This version was created specifically for schools. It includes a number of improvements that make it easier to teach programming and optimize teamwork. A one-year license for Minecraft Education Edition costs just $5 for a single student. And schools will get a free license for the first year if they migrate their computers to Windows 10. This low price makes the game affordable for all students.

But Minecraft isn’t the only game in schools. There’s also SimCityEdu, which develops the skills needed to live in the 21st century. A recent update to SimCityEdu is called Pollution Challenge. Students in it have to build a city in the face of climate change. In this way, the game teaches how to solve a real-world problem.

But that is not all. There are schools where the learning process is based entirely on gamification.

Gamification in the classroom

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From 2007-2019, a team of New York game designers ran the nonprofit Institute of Play. Based on the principles of game design, they developed school designs, designed educational programs, curricula, and even held corporate seminars.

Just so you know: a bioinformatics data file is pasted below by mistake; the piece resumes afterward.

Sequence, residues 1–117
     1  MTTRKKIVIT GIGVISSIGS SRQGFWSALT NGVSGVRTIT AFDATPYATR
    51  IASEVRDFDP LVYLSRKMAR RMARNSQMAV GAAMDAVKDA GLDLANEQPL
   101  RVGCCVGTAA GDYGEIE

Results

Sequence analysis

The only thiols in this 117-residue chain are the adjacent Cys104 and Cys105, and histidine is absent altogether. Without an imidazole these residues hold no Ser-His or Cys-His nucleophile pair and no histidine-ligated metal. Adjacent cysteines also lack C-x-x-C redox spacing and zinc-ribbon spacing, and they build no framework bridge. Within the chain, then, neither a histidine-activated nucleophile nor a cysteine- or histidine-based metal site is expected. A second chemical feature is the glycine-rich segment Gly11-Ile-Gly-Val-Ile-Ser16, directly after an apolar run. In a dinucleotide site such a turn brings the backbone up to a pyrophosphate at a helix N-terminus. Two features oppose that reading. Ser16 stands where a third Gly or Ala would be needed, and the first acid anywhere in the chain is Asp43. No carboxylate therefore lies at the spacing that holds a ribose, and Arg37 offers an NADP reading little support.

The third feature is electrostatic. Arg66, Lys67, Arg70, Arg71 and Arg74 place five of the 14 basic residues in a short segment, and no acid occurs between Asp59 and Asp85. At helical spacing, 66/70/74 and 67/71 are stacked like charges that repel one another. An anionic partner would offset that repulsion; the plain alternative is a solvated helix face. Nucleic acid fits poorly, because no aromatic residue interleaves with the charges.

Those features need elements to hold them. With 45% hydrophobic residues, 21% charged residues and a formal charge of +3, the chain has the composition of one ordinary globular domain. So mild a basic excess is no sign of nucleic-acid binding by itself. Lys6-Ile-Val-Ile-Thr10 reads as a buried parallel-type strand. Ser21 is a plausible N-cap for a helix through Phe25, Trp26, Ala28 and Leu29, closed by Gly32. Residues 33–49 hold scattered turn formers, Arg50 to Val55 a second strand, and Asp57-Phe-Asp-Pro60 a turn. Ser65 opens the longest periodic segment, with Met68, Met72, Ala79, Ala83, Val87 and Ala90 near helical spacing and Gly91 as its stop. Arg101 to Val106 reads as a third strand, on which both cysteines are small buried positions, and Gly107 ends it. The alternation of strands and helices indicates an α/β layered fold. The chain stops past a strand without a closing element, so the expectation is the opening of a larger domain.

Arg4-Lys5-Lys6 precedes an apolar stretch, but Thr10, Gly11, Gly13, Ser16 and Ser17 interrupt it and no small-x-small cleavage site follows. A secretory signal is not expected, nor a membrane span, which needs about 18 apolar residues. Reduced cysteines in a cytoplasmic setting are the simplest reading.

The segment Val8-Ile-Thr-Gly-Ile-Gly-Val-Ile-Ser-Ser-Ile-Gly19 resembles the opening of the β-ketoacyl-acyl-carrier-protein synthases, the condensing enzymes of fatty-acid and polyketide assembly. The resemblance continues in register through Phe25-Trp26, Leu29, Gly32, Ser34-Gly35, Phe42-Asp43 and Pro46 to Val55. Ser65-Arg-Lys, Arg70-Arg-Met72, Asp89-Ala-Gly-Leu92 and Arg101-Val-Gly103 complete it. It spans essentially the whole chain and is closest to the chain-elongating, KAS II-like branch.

The Institute of Play offered its model of education – Quest to Learn, which is based not only on video games but on game mechanics in general. Some educational Internet resources also work on a similar principle.

Even such serious specialists as surgeons will soon be able to be trained with the help of video games.

Robotic surgery is a relatively new field in medicine that helps surgeons perform complex tasks using robotics. For example, to operate on brain tumors. Of course, this requires precision, perfect coordination of movements, and strong nerves.

More importantly, a study by Dr. Sami Kilic and colleagues (the University of Texas at Galveston) found that first-person shooters can improve surgeons’ related skills.

Using serious games in training

The robotic surgeon has a lot in common with the game console: it, too, is controlled with two hands using the analog of joysticks and displays the process on the screen. Surgeons themselves learn how to work with robots on special simulators.